"The students look forward to seeing Ashley and what mystery fruit or vegetable she is going to present," said Bonnie. "They love learning the importance of foods and how they affect their body. I see this carry over in the cafeteria on a daily basis — 'Miss Ashley gave us cucumbers. They have lots of water.' 'I'm thirsty, I'll get cucumbers too.'"

Tastings are paired with a lesson in safe food handling, and the students are given hand sanitizer to be sure they're clean before touching the food. They are encouraged to share their new experience with their families at home as well, and are given a sticker to let parents know they've tried a new food that day.

Four out of five youth reported that they feel confident in their ability to prepare healthy options at home and make nutritious choices when dining out, after receiving programming through the Healthy School Communities Initiative. According to the Center for Disease Control, Maryland has the 13th highest youth obesity rate with 11 percent of youth ranked as obese (https://go.umd.edu/UTp), and these types of statistics highlight the importance of introducing nutrition education at a young age, empowering youth and their families to make healthy decisions regarding food and physical activity, at school and at home.

"I love the program and what it has done for our Kindergarten community," said Bonnie. "The FSNE program has helped to make the students and adults more aware of healthy choices."

With approximately 1,000 teachers trained across the state, it's also not surprising that nine out of ten teachers document talking about the importance of physical activity with their students, and 44 percent use healthy foods as examples in lessons, according to the report.

FSNE programs are not only limited to in-school activities. Any program designed for low-income youth can be eligible for FSNE, says Ashley who also works with her county Parks and Recreation department, after school and summer camp programs. They also cover the range of ages and groups with five different teaching initiatives including Healthy School Communities, Healthy Tots/Healthy Families, Securing Food Resources for Families, Healthy Changes for Out of School Youth, and Farm to Family.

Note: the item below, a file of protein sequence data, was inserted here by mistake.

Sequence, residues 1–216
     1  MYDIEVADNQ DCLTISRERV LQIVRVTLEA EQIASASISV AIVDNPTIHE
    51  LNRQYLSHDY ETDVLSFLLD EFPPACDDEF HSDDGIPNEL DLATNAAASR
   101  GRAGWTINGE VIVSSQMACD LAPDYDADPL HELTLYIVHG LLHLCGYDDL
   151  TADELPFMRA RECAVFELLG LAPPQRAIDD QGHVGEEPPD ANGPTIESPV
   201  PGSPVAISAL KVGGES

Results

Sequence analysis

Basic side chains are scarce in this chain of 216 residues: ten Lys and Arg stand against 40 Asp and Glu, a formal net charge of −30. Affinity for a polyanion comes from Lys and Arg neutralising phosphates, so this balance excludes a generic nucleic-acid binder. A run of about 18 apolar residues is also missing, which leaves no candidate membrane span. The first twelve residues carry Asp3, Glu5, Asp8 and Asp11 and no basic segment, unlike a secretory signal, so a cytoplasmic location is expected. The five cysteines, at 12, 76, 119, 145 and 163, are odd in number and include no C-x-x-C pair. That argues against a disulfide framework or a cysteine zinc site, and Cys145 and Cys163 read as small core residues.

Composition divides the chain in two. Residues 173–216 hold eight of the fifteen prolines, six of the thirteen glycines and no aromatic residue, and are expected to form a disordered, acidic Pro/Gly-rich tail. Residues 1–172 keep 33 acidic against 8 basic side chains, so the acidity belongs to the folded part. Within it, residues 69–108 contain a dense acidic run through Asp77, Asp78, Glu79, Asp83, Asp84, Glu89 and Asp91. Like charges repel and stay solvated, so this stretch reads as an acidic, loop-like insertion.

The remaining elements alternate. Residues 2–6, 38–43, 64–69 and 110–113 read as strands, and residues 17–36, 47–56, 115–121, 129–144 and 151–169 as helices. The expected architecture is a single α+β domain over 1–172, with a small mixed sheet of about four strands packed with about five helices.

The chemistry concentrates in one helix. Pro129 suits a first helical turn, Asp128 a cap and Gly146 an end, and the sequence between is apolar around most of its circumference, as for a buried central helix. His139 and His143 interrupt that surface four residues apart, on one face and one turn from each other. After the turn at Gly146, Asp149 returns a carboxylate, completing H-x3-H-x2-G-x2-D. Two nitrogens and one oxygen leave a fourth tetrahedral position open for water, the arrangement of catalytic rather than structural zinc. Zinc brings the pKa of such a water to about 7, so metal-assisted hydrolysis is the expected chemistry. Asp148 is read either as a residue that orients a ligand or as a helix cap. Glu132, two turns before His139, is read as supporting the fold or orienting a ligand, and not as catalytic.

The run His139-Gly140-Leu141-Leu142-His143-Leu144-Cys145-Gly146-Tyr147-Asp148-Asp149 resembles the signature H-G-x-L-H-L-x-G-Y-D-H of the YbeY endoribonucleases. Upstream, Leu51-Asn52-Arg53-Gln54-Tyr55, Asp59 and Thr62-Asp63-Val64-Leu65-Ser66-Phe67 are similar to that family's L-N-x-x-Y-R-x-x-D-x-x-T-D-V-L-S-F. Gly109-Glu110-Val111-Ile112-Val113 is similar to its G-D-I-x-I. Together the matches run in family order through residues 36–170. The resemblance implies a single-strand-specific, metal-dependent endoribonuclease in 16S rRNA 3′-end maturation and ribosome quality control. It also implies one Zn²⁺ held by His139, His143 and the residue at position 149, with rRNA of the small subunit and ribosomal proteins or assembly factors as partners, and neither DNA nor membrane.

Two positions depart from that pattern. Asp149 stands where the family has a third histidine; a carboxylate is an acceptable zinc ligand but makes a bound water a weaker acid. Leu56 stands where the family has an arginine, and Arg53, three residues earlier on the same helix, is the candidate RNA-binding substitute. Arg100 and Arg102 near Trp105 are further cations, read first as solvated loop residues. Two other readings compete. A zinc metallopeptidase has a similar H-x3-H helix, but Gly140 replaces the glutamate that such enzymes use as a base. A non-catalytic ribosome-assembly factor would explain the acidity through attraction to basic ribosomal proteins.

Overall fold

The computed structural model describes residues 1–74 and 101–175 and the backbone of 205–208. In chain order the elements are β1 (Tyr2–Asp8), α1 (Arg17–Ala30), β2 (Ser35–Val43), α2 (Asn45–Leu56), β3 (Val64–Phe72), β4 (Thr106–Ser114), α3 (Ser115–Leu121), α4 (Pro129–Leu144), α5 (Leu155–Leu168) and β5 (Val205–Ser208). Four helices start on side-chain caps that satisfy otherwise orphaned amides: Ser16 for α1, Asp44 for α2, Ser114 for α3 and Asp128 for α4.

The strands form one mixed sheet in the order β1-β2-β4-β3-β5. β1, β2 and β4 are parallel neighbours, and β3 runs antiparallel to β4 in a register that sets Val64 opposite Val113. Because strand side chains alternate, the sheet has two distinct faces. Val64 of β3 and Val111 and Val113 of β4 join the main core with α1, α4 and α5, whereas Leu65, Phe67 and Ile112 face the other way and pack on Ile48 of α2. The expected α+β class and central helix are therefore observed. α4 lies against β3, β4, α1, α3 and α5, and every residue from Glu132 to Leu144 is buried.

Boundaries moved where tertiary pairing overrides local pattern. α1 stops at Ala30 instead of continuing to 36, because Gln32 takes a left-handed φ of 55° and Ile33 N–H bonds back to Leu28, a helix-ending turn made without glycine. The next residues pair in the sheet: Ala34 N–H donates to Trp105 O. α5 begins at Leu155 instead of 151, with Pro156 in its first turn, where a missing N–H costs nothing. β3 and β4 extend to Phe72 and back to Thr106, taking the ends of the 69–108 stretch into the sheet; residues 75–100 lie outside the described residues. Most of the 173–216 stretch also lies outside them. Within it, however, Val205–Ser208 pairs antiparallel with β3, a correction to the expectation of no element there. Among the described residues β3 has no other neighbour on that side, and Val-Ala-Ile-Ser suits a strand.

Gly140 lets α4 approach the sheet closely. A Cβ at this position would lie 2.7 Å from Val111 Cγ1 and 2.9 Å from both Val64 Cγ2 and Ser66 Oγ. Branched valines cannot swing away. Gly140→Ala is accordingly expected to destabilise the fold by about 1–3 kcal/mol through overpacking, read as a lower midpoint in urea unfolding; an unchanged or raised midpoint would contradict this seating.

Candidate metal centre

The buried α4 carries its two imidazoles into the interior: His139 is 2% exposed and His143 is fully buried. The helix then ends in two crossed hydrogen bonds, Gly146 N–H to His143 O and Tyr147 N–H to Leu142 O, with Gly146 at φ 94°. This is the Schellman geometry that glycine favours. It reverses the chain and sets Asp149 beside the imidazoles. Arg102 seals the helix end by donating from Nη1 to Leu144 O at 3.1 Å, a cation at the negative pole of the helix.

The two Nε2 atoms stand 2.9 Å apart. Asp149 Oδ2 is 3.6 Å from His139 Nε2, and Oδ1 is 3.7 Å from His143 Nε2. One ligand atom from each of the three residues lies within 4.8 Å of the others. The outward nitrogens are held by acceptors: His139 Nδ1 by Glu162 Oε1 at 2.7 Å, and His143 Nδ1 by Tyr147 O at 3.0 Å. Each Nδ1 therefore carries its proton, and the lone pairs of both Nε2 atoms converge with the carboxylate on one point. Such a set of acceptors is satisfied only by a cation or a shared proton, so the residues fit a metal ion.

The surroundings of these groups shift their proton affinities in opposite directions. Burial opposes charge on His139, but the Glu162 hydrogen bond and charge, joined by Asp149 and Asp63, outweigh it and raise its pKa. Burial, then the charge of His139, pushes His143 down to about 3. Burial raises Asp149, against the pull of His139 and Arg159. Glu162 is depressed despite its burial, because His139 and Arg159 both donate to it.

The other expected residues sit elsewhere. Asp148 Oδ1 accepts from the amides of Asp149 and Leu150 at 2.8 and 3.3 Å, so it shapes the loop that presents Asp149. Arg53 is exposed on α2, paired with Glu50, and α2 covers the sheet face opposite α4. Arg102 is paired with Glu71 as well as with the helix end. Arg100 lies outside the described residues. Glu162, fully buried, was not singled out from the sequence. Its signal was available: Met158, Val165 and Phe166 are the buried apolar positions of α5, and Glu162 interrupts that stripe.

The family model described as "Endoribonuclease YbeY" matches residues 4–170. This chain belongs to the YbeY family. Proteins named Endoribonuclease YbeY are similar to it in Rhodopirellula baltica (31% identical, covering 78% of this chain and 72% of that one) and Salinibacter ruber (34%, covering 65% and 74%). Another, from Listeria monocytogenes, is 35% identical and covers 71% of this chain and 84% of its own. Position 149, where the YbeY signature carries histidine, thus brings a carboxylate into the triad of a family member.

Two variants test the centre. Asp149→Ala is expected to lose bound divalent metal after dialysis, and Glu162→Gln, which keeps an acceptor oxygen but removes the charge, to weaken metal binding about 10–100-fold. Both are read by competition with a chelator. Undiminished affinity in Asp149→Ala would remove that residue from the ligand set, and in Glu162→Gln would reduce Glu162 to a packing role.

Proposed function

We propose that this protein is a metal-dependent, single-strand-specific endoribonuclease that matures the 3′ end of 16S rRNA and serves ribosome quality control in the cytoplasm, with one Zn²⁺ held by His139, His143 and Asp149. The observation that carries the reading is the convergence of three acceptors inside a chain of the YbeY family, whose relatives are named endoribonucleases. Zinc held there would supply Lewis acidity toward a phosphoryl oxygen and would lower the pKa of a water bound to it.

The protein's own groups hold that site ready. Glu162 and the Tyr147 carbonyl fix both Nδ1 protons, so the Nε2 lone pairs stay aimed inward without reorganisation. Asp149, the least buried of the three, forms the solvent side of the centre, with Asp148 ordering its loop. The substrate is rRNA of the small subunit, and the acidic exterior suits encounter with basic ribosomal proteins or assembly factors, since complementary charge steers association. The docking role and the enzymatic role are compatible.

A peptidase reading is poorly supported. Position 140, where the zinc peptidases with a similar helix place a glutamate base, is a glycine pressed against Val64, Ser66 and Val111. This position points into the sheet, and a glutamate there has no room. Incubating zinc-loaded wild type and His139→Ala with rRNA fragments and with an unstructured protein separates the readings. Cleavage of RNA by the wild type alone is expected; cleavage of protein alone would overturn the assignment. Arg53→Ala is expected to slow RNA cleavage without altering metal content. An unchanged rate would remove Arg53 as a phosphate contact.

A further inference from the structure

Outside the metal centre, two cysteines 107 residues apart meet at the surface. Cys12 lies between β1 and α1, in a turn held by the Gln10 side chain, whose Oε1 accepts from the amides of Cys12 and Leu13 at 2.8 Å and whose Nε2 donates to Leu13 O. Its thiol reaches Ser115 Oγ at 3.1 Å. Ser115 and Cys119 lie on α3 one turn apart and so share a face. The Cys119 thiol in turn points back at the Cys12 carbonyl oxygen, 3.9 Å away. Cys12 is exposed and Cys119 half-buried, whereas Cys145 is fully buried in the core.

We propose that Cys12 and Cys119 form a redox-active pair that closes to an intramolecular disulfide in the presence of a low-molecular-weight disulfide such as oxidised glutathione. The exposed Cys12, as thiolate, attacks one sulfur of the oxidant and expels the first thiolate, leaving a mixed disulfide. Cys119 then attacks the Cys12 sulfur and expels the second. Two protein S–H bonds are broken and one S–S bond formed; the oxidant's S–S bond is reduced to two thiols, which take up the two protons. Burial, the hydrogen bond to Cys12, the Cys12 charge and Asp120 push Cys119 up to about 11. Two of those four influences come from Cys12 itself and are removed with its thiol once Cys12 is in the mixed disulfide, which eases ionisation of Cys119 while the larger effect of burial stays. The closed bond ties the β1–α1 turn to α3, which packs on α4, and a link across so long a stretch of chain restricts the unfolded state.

All of these programs focus on FSNE's mission to promote healthy environments and practices at school and at home, and to affect individual behavior change. "We do recipe preparation and cooking classes with children and their parents," Ashley says. "I love showing them how easy and delicious healthy eating can be!"

"Students find the recipes empowering," Bonnie said. "It is definitely a springboard for future conversations. They are eager let me know when they see the foods in the supermarket or if their parents buy them."

With school in session, now is the time for teachers and schools to reach out to local Extension agencies and find out how they can participate in these unique educational experiences. A list of agencies in each county can be found at http://extension.umd.edu/locations. For schools that don't meet the requirements for FSNE programs, other options are available through Extension, including the Master Gardeners program which can assist in building school garden plots.

"I wasn't sure how the garden was going to be received by the students. I knew they would be excited about the tools, planting, watering and weeding, but I was concerned with the harvesting, tasting and how this was going to fit in our busy school schedule," Bonnie said. "I worried for nothing. The students kept journals of the garden's progress and couldn't wait to see the weekly changes and growth. They read books, asked questions and made growth charts. When it came time to taste the produce — every child participated. They were proud to share with the principal, Ms. Swann. 'Taste it, we grew the spinach, beans and radishes in our garden,' they told her. 'We took care of the plants when they were seeds and now look what they grew!'"